Sometimes I think I must be the most obtuse person in the universe.
A little background. Darling daughter started public high school this year, after several years at a 2-days-per-week program 12 miles away. Twice a week, I drove her and picked her up. Had to. No other option. This year, we started by having her ride the bus. School is one mile away. That lasted a week because there wasn’t time to get her stuff after school and get to the bus in time. Without thinking it through, I said, “Hey, I’ll take you and pick you up.”
Here’s what I forgot. Darling husband is rarely here at going to school time, so KEPLER and I take her to school. Does Kepler enjoy this process? No, he most certainly does not. He has shown his displeasure many a morning by refusing to budge. He’s a strong kid, and it takes both me and DD to hold him (gently!) by the upper arms, and perp walk him to the car.
Isn’t it Steven Covey who first emphasized the power of being proactive? I finally got proactive yesterday.
Kepler needed to understand what I was asking him for. I was waiting around for him to catch on, and wake up one morning, and say, “Mother, I now see that it is futile for me to be so obstinate about taking big sister to school. I’ll be right with you as soon as I complete my morning ablutions. It won’t be a problem anymore.” Ooh, good plan there, mom.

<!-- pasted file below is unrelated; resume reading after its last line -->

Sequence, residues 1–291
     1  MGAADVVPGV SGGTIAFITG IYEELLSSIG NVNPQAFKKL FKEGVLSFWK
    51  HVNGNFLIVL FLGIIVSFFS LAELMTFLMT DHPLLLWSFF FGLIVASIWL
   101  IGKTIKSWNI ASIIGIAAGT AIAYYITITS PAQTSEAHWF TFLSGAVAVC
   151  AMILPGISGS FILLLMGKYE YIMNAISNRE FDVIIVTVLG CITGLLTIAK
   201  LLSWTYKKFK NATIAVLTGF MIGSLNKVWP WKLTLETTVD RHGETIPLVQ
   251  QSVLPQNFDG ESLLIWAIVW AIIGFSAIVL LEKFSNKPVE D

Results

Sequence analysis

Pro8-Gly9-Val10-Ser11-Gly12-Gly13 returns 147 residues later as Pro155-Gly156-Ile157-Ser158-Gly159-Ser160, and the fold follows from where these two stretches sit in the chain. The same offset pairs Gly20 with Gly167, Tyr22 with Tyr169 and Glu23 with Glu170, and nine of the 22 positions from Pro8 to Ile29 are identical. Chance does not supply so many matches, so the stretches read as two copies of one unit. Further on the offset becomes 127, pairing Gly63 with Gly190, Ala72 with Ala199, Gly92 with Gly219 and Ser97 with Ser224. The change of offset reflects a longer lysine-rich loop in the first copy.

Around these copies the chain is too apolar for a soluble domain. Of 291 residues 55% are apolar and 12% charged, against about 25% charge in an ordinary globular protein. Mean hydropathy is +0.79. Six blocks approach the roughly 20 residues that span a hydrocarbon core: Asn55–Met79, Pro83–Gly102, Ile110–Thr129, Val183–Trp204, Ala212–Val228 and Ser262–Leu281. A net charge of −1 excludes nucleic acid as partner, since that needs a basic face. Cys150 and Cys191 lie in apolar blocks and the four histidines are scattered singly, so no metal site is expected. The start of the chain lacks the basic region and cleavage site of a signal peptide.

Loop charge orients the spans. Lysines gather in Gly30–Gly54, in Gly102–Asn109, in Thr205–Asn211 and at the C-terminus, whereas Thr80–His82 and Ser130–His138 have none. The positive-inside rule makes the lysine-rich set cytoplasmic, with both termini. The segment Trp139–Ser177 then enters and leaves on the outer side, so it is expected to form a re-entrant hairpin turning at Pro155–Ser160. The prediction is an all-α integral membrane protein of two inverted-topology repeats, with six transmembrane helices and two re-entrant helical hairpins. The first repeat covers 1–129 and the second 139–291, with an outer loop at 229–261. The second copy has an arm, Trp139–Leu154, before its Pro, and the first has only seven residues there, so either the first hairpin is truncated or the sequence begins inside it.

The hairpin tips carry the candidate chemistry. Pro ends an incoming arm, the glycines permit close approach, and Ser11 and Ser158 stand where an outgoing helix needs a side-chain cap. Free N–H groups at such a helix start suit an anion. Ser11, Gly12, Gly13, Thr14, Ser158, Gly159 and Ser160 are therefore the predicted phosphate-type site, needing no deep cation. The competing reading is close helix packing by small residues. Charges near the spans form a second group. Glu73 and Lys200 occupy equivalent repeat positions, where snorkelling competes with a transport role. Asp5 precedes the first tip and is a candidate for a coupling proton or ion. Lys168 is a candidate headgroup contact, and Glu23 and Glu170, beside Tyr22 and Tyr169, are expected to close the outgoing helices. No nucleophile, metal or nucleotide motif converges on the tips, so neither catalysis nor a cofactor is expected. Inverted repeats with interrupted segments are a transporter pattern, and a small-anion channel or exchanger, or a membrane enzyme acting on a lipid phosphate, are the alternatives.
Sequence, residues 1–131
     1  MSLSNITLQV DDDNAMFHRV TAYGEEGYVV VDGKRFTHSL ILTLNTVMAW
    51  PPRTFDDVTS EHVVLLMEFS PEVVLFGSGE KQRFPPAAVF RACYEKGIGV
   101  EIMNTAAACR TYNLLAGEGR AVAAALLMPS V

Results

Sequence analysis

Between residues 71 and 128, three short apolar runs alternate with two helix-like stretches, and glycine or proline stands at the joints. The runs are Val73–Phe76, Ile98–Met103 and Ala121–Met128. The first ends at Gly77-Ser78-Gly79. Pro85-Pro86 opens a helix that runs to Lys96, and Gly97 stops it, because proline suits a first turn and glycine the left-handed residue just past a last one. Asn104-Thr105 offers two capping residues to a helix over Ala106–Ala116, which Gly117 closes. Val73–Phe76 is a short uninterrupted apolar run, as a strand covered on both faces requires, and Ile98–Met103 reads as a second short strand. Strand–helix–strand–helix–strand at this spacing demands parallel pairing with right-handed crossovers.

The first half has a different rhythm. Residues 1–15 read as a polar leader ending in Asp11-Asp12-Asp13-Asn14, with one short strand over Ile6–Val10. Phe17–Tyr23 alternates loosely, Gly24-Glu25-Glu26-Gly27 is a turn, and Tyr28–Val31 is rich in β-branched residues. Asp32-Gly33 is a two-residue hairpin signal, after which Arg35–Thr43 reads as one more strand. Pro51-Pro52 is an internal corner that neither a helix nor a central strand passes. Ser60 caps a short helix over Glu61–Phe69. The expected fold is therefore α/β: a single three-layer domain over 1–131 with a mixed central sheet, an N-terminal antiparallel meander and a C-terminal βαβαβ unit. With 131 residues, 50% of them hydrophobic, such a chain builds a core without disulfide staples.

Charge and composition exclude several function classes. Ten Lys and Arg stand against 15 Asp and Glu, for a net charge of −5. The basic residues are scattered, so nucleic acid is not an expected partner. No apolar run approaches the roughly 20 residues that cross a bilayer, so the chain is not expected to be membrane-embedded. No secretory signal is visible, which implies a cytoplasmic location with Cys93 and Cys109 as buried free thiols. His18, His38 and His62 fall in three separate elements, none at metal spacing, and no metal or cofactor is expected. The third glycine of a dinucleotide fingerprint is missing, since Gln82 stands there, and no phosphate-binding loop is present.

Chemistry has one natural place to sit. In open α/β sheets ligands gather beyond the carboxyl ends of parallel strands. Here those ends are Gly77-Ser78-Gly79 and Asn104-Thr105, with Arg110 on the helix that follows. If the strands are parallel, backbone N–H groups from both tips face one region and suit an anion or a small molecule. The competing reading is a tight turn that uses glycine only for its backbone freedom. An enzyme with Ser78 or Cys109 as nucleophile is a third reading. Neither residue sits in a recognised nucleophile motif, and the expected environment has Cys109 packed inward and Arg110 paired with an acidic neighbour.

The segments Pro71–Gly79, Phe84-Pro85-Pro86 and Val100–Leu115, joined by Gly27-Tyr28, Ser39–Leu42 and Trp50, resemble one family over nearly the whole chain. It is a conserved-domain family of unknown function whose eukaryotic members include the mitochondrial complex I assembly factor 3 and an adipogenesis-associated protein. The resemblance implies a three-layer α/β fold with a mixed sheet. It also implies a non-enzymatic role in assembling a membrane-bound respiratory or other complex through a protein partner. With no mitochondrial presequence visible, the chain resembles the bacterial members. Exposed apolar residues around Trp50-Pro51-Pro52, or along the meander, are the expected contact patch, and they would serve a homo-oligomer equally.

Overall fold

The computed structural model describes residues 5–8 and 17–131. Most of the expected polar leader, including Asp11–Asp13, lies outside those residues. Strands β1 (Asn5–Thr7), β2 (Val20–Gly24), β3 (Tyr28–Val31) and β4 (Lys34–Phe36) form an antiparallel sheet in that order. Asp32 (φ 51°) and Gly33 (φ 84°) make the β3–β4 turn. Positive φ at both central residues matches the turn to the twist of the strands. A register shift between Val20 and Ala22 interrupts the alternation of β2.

See, obvious, like I told you.
But, poor kid, before I got specific and slowed down enough to explain it, he was in a whirlwind of activity every morning, usually me looking for my glasses. And then my keys. And my shoes. And his shoes. (another thing to be proactive about, obviously).
First try had me explaining that I wanted him to cooperate, but I didn’t make it very clear what that meant.
Our first trial run was yesterday afternoon on the way to speech therapy. He was doing well, until he determined that me placing his unfinished cup of milk into the refrigerator was decidedly unwelcome and should not be tolerated. FINALLY we got into the car, but I decided he hadn’t been cooperative enough. Which then made me realize that I had to get really specific.
So, I explained that I wanted him to cooperate and I explained exactly what cooperation is. In this case, it’s simple: put on your shoes, put on your jacket, walk to the car, when asked. Such cooperation earns the privilege of listening to the Frozen soundtrack (for the 87 millionth time).
After speech therapy, he COOPERATED. This morning, he COOPERATED. This afternoon, he COOPERATED. I guess I cooperated, too, by making it possible for him to be successful!
Small victory, but trés, trés sweet.